1887

n Historia - Consuming Christianity : deconstructing missionary accounts of cannibalism in Vendaland in the late nineteenth century

Volume 49, Issue 1
  • ISSN : 0018-229X
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Abstract

<b>Die vertering van die Christendom : die dekonstruksie van die verslae van sendelinge oor kannibalisme in Vendaland in die laat negentiende eeu.</b> <br>Die verslae van Berlynse sendelinge oor oorlogvoering tussen Tshivendasprekers maak gewag van 'n paar gevalle waar die liggame van ontslape vyande "geskend" of "onteer" is deur, of in opdrag van die heersers van die oorwinnaars. Etlike van hierdie verslae beskryf ook die beweerde eet of gebruik van verwyderde liggaamsdele. <br>Op een vlak sou 'n mens hierdie verslae eenvoudig kon verwerp. Verhale van kannibalisme is seker een van die uiterste vorme van die vervreemding van Afrikane gepleeg deur Europeërs. 'n Obsessie met kulturele evolusionisme het gelei tot 'n teenoorstelling van die eie ontwikkelde "beskawings" en die "woestheid" of "barbarisme" van die Afrikane; van die "lig van die beskawing" en die "duisternis van die heidendom". <br>In hierdie artikel kom ek tot 'n ander gevolgtrekking. Deur middel van 'n gevallestudie van konflikte waaraan verskillende faksies binne die Mphaphuli-groep gedurende die laat negentiende eeu deelgeneem het, argumenteer ek dat die eintlike kwessie nie is of die gebeure beskryf in hierdie verslae "werklik" gebeur het nie. Dit gaan eerder daaroor dat die strydende partye toegelaat het, en selfs aktief gesorg het daarvoor, dat die sendelinge geglo het dat kannibalisme wel plaasgevind het. Op grond van hierdie benadering poog ek dan om hierdie gebeure se moontlike betekenisse en waarde vir beide sendelinge en Afrikane te dekonstrueer.

Berlin missionary accounts of warfare among Tshivenda-speakers make a number of references to cases where the bodies of fallen enemies were "abused" or "defiled" by, or on the orders of, the rulers of victorious factions. A number of these accounts also describe the purported consumption or use of body parts severed from the vanquished. <br>On one level, one may simply reject these tales. Stories about cannibalism were arguably the most extreme form of "othering" perpetuated by Europeans against Africans. In their obsession with cultural evolutionism, they dichotomised what they saw as their own developed "civilisations" and African "savagery" or "barbarism"; the "light of civilisation" and the "darkness of heathenism". <br>In this article, I have come to a different conclusion. By means of a case study of conflicts involving various factions among the people during the late nineteenth century, I argue that it does not really matter whether the events described in these accounts "really" happened or not. Rather, what is important is that the contending parties allowed, or even encouraged, the missionaries to believe that they did. From this starting point, I attempt to deconstruct some of their possible meanings and value for missionaries and Africans.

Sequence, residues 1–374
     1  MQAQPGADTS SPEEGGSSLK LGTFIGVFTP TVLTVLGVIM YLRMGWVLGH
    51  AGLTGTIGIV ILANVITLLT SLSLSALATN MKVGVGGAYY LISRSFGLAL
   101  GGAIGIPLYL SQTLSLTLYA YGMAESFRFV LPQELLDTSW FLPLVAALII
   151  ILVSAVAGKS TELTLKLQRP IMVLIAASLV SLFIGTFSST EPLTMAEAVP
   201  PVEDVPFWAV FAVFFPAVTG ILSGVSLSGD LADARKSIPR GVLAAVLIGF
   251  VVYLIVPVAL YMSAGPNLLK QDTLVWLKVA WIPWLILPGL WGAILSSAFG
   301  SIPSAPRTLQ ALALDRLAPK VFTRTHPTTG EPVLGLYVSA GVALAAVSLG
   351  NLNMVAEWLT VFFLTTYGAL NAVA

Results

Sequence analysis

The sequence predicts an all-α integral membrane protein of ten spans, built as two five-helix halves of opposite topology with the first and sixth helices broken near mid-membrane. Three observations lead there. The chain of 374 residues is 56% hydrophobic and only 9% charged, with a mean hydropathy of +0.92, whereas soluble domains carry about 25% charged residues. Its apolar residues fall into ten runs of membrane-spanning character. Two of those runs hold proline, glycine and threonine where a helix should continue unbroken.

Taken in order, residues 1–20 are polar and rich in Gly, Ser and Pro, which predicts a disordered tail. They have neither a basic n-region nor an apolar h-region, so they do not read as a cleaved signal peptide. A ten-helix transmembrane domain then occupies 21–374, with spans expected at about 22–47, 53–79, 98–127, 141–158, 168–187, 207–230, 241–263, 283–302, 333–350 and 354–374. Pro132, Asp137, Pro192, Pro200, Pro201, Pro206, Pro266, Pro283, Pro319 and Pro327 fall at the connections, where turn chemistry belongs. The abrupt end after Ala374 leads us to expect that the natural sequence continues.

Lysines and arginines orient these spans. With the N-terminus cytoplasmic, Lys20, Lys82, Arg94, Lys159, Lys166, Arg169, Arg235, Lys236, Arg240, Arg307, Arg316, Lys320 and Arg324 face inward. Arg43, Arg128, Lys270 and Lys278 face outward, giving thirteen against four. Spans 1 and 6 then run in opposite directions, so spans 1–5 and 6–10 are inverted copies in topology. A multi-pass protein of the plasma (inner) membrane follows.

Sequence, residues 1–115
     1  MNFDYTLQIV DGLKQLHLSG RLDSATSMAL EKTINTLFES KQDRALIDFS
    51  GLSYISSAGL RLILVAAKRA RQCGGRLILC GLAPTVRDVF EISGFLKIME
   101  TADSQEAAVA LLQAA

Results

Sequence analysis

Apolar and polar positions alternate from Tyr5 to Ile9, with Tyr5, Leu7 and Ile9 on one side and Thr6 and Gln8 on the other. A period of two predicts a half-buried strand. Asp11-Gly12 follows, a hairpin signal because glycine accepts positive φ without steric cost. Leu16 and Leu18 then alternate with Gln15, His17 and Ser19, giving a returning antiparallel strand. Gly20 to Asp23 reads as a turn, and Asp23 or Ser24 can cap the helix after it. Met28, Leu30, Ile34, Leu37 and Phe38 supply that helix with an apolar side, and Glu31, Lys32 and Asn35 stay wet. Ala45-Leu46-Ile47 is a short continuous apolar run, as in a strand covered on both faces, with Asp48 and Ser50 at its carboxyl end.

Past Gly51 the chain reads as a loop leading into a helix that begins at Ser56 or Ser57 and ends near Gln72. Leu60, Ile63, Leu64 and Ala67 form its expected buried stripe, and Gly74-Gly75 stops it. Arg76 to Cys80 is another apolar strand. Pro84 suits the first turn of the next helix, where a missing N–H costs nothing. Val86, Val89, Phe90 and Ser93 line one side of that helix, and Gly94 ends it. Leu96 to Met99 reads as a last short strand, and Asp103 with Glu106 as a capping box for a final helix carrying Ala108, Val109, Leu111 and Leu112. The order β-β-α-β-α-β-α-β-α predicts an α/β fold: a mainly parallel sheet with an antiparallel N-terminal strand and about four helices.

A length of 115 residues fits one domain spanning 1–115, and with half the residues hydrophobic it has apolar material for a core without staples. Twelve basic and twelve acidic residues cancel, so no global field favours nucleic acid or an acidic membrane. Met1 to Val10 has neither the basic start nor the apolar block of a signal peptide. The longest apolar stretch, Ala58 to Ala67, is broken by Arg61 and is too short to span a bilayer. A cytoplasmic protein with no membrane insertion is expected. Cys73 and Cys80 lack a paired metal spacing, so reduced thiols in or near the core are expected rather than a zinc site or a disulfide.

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/content/hist/49/1/EJC38145
2004-05-01
2016-12-09

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